are very strange indeed. They are matrices with possibly nonscalar elements, or lists
with dimensions, depending upon which way you want to look at them:
(matrix_list_hybrid <- cbind(
list(a = 1, b = 2),
list(c = 3, list(d = 4))
))
##
[,1] [,2]
## a 1
3
## b 2
List,1
str(matrix_list_hybrid)
## List of 4
## \$ : num 1
## \$ : num 2
## \$ : num 3
## \$ :List of 1
##
..\$ d: num 4
## - attr(*, "dim")= int [1:2] 2 2
## - attr(*, "dimnames")=List of 2
##
..\$ : chr [1:2] "a" "b"
##
..\$ : NULL

Using cbind and rbind in this way is something you shouldn’t do often, and probably
not at all. It’s another case of R being a little too flexible and accommodating, instead of
telling you that you’ve done something silly by throwing an error.

NULL
NULL is a special value that represents an empty variable. Its most common use is in lists,

but it also crops up with data frames and function arguments. These other uses will be
discussed later.

66

|

Chapter 5: Lists and Data Frames

When you create a list, you may wish to specify that an element should exist, but should
have no contents. For example, the following list contains UK bank holidays1 for 2013
by month. Some months have no bank holidays, so we use NULL to represent this absence:
(uk_bank_holidays_2013 <- list(
Jan = "New Year's Day",
Feb = NULL,
Mar = "Good Friday",
Apr = "Easter Monday",
May = c("Early May Bank Holiday", "Spring Bank Holiday"),
Jun = NULL,
Jul = NULL,
Aug = "Summer Bank Holiday",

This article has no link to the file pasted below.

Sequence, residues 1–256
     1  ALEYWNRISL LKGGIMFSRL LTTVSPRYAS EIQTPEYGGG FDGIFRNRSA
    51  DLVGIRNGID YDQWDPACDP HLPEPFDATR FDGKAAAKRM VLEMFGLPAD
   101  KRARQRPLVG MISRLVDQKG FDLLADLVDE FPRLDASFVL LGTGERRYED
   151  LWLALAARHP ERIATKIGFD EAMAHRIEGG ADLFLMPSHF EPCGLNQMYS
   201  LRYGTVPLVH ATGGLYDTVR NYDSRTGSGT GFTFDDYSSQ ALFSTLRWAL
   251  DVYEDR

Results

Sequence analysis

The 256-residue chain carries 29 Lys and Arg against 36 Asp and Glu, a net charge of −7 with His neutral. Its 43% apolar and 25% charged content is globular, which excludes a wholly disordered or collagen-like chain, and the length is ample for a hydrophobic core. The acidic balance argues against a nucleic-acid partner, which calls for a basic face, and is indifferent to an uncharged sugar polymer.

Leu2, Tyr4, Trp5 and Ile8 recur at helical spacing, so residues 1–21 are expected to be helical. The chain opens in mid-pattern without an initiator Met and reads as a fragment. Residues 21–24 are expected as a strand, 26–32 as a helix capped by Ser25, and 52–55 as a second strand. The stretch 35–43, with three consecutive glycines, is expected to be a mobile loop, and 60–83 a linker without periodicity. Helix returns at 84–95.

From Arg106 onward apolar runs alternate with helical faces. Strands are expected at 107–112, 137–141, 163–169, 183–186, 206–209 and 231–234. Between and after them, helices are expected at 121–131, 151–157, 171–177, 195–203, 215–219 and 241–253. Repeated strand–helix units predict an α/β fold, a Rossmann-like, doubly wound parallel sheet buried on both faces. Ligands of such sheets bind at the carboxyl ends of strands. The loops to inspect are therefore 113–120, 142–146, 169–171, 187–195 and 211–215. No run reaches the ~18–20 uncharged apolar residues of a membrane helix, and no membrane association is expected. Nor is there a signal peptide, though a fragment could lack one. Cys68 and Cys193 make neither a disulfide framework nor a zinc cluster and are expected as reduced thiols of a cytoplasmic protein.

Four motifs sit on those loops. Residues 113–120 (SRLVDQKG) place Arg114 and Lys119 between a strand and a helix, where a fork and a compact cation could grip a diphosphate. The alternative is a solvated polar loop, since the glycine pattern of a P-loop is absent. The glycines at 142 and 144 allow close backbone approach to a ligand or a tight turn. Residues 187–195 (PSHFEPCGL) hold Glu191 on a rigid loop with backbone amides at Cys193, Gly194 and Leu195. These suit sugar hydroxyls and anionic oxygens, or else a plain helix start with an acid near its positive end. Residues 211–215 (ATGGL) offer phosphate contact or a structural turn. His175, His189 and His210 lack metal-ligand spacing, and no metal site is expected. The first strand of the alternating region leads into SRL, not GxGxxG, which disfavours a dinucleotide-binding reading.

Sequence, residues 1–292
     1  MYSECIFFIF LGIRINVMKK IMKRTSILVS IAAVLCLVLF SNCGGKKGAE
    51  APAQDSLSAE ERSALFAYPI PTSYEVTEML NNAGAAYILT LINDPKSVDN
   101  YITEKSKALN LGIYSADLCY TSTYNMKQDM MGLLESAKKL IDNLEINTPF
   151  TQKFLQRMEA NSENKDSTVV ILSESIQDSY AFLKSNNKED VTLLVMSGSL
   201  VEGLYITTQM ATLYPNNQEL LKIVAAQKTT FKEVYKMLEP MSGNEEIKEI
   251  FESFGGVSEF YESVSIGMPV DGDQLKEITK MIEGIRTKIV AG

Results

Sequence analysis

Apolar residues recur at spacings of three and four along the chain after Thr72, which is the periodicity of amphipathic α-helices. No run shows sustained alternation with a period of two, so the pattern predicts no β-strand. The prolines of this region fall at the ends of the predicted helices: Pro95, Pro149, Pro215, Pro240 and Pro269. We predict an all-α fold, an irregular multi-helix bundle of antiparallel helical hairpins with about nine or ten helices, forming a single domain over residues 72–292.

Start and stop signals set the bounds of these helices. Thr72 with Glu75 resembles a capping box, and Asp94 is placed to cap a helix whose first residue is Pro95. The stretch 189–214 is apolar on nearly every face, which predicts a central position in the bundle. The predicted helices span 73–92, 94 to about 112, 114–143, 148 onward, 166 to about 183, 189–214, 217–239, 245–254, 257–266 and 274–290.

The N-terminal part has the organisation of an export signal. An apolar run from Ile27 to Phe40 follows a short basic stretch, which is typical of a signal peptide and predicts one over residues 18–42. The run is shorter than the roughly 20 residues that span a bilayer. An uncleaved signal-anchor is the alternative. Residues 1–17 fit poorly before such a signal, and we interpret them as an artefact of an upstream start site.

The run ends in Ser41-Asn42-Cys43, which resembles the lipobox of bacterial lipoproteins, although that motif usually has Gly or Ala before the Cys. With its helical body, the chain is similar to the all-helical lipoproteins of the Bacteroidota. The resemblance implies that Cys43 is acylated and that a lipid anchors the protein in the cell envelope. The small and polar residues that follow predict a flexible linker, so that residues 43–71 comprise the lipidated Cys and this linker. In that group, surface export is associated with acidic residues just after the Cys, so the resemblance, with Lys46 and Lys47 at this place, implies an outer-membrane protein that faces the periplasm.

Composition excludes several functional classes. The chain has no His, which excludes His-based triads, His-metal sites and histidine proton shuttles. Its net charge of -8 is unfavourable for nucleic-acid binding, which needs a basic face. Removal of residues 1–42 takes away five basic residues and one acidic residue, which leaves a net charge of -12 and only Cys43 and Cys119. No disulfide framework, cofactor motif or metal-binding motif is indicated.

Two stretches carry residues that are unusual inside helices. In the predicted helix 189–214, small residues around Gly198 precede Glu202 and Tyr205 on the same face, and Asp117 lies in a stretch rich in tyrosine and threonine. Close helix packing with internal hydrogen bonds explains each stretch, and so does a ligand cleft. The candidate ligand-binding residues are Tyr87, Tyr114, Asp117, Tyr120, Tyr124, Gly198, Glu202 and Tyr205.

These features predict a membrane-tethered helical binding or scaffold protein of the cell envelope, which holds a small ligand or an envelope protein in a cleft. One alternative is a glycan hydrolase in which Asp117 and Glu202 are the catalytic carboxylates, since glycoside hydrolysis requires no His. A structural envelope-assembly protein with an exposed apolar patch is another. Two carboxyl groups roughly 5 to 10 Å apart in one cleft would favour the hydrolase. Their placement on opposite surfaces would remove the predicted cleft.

Sep = NULL,
Oct = NULL,
Nov = NULL,
Dec = c("Christmas Day", "Boxing Day")
))
##
##
##
##
##
##
##
##
##
##
##
##
##
##
##
##
##
##
##
##
##
##
##
##
##
##
##
##
##
##

\$Jan
[1] "New Year's Day"
\$Feb
NULL
\$Mar
[1] "Good Friday"
\$Apr
[1] "Easter Monday"
\$May
[1] "Early May Bank Holiday" "Spring Bank Holiday"
\$Jun
NULL
\$Jul
NULL
\$Aug
[1] "Summer Bank Holiday"
\$Sep
NULL
\$Oct
NULL

1. Bank holidays are public holidays.

NULL

|

67

##
##
##
##
##

\$Nov
NULL
\$Dec
[1] "Christmas Day" "Boxing Day"

It is important to understand the difference between NULL and the special missing value
NA. The biggest difference is that NA is a scalar value, whereas NULL takes up no space at
all—it has length zero:
length(NULL)
## [1] 0
length(NA)
## [1] 1

You can test for NULL using the function is.null. Missing values are not null:
is.null(NULL)
## [1] TRUE
is.null(NA)
## [1] FALSE

The converse test doesn’t really make much sense. Since NULL has length zero, we have
nothing to test to see if it is missing:
is.na(NULL)
## Warning: is.na() applied to non-(list or vector) of type 'NULL'
## logical(0)

NULL can also be used to remove elements of a list. Setting an element to NULL (even if
it already contains NULL) will remove it. Suppose that for some reason we want to switch

to an old-style Roman 10-month calendar, removing January and February:
uk_bank_holidays_2013\$Jan <- NULL
uk_bank_holidays_2013\$Feb <- NULL
uk_bank_holidays_2013
##
##
##
##
##
##
##
##
##
##
##
##

68

\$Mar
[1] "Good Friday"
\$Apr
[1] "Easter Monday"
\$May
[1] "Early May Bank Holiday" "Spring Bank Holiday"
\$Jun
NULL

| Chapter 5: Lists and Data Frames